The African forest elephant is now considered “critically endangered” with extinction. Its grassland counterpart is in danger, according to the Red List of the International Union for the Conservation of Nature (IUCN) published Thursday.
The move follows decades of ivory poaching and habitat reduction for these animals. The two species are being assessed separately for the first time due to new indications. Previously, all African elephants were considered vulnerable. In total, nearly 135,000 species are included in the Red List. Among them, more than 37,000 are threatened with extinction, specifies the organization.
“The role of African elephants in ecosystems is crucial,” says the director general, former head of the Federal Office for the Environment (FOEN) Bruno Oberle. He calls for a rapid end to poaching and to guarantee a suitable environment for these animals. Several African countries have recently shown that this effort is possible, he said.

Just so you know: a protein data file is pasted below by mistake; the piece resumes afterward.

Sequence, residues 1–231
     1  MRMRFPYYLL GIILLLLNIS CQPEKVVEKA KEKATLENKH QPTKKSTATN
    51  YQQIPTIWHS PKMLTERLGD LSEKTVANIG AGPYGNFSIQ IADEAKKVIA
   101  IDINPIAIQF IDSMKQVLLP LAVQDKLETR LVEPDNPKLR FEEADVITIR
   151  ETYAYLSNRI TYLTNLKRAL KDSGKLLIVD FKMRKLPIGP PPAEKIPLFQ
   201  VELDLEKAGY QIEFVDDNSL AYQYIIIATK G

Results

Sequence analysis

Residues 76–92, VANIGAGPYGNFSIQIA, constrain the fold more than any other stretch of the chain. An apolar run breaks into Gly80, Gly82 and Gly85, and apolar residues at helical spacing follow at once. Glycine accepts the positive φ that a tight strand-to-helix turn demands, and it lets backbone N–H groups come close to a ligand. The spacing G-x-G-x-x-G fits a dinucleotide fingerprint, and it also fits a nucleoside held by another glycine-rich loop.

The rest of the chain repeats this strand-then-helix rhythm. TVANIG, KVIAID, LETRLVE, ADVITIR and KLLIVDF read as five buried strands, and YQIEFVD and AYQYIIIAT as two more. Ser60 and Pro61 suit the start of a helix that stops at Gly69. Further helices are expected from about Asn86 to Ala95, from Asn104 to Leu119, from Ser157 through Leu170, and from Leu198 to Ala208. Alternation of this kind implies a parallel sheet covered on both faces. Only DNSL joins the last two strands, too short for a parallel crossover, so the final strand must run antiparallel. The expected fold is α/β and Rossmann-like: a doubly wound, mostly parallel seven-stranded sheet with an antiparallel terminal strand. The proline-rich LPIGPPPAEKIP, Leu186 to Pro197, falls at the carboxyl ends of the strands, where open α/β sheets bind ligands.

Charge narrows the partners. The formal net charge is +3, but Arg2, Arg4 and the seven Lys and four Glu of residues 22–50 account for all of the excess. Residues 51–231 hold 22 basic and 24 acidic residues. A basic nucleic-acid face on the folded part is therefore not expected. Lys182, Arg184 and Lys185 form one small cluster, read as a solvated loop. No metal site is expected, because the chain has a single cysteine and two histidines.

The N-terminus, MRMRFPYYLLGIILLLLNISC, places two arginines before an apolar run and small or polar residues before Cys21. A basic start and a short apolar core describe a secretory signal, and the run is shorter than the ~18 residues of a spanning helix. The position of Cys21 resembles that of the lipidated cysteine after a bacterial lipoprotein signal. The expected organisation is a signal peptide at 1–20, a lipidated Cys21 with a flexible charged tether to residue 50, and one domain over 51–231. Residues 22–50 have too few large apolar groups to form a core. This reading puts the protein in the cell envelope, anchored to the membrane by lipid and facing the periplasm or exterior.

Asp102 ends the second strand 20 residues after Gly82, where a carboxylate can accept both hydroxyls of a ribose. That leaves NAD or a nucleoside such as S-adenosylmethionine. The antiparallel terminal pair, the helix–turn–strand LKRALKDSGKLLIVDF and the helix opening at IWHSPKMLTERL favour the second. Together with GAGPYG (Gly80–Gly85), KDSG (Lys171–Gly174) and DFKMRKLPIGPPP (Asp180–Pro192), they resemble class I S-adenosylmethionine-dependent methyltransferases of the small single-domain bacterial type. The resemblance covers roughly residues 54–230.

The number of elephants in African forests has been estimated to have declined by more than 85% over the past three decades. That of their prairie counterparts has fallen by at least 60% over the past five decades.
Poaching peaked in 2011 but continues to threaten elephant populations. Human land use is a problem for these pachyderms. And according to the organization, there are around 415,000 African elephants left. IUCN applauds the efforts and legislation that have made it possible to further prevent their reduction or even promote an increase in countries.